[IPython-dev] Our "single mailing list" policy, the future of the IPython-user list...

Fernando Perez fperez.net at gmail.com
Thu Aug 1 14:46:56 EDT 2013

Hi all,

[ deliberately cross-posting to -dev and -user]

over the last few months, you may have noticed comments we've made
about how we are "slowly deprecating" the user list, and questions
have come up regarding that. We're sorry for not having communicated
better the intent of this, so let me recap briefly...

# The What

We are moving to having a single mailing list for IPython *where the
core team participates*, rather than separate -dev and -user lists.

Note that we are NOT closing or removing the user list, and if over
time a self-sustaining community of users helping each other develops
there, that's totally fine.  But the core team is basically 'signing
off' from the -user list.  Some of us may occasionally see something
there and reply to it, but we won't be monitoring it much further.

We're not renaming the lists simply because that would force us to
shut them down and make new ones, messing up our entire history and
subscriber base.  That's too much turmoil for little benefit.

# The Why

1. We want people to think of themselves as members and stakeholders
of a community, not as 'users' vs 'developers'.  Every one of our
developers should be a user (that's what makes IPython good, that we
actually *use it*), and vice-versa, every user of IPython should be a
potential developer when the itch comes up.  So rather than separating
into two distinct groups, we want to think of a single community where
'user' and 'developer' are simply *roles* that everyone can play

2. IPython is a project for programming and computing, so we expect
most of its users to be technically savvy to some extent. Even if they
are beginners, it's not a web browser or word processor. For Chrome,
for example, the gap between a user and a developer is potentially
enormous, whereas for us that gap is naturally much smaller.

3. We were noticing that, simply out of bandwidth limitations, there
was a natural tendency for us to ignore the -user list.  This just
makes that official so core devs don't need to feel guilty about
ignoring that list :)

# Where to ask questions?

- We've noticed that different people tend to prefer different modes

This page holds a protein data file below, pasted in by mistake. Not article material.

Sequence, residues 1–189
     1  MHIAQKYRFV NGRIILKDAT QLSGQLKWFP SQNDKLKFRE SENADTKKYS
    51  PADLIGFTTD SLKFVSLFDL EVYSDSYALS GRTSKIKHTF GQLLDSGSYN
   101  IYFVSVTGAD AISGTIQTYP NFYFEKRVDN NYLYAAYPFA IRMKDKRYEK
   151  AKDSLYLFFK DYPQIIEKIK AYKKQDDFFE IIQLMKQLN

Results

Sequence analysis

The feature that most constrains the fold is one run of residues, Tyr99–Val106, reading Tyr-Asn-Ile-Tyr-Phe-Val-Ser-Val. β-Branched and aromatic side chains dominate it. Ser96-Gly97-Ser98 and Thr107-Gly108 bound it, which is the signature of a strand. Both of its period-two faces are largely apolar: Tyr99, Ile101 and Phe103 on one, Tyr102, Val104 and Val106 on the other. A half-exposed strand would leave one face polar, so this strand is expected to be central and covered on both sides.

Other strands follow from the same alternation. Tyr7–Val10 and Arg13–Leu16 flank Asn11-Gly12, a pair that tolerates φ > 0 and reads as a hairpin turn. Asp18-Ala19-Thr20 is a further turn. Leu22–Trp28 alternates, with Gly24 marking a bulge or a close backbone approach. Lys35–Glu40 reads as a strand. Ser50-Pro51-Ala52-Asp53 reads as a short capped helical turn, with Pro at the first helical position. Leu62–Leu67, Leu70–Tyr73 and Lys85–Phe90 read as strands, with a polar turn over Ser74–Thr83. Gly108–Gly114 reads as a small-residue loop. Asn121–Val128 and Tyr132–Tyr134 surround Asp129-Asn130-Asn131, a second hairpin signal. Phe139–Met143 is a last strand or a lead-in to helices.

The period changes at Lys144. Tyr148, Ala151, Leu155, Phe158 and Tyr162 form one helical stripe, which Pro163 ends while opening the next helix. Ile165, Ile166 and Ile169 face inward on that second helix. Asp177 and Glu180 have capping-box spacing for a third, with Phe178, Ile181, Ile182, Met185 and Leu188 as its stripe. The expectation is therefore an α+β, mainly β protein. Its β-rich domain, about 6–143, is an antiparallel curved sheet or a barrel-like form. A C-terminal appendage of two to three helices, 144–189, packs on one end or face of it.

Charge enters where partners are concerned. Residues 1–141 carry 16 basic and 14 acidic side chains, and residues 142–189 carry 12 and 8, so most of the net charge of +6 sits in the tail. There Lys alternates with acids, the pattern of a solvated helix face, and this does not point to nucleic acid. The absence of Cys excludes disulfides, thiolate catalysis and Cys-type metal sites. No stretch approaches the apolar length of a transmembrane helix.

of communication, and that not everyone likes mailing lists. So we've
tried to also make it easy to engage IPython expertise on multiple

1. The -dev list remains active, and the core team will do our best to
help out there.  If you like asking questions via mailing list, just
hop on there.

2. If you want real-time quick help with a question, we have a help
chat room now that's persistent:

This is basically similar to IRC, but with the advantage that we can
have permanent accounts for anyone who is willing to be logged in
frequently (core devs and users who would like to help 'staff it').
For visitors the experience is no worse than IRC-over-the-web, and for
persistent users we have email mentions, searchable history, etc,
without having to manage a bunch of IRC bots.

3. If you prefer web fora, StackOverflow works well and several core
devs post regularly there. Just tag your question with 'ipython':


4. If you're a reddit user, there's an IPython subreddit too:


Hopefully this provides ample means for different kinds of usage
patterns, while allowing the core team to manage our badly
overcommitted bandwidth somewhat sensibly.

# The future of the -user list

As indicated above, it won't be closed.  We'll simply have to see if a
community of users builds around it or not.  If it does, that's great!
 But we (the core dev team) won't be playing an active role there,
besides managing any problems that may arise with spam/abuse.

I hope this clarifies things.  Having put this now in writing, I'd
like to ask that other devs NOT say to users further that we're
"deprecating" the user list, since that may be misinterpreted as
closing it. Instead, if you see  a question linger there that you're
willing to answer, do so with CC to the dev list and post a link to
this message for the explanation.

Finally, I want to stress that while we do our best to engage our
entire community as much as possible, feed from your ideas and
questions and help with all reported problems, we also have to balance
that with our job of moving IPython forward.  So we really hope that
as many of you will pitch in to help one another as possible, so that
the core team can continue improving the project itself.  And keep in
mind that 'core devs' is a term *strictly* defined by the engagement
of the community!  All it takes is enough high-quality contributions
from a new github user for us to nominate you to be a member of the
core team.  There is NO secret cabal of core IPython developers, only
a community of engaged stakeholders, some of whom accept to shoulder a
higher load :)

Thanks for reading this rather long email. Don't hesitate to ask any
questions (in this case, either list is fine :)

Fernando Perez (@fperez_org; http://fperez.org)
fperez.net-at-gmail: mailing lists only (I ignore this when swamped!)
fernando.perez-at-berkeley: contact me here for any direct mail

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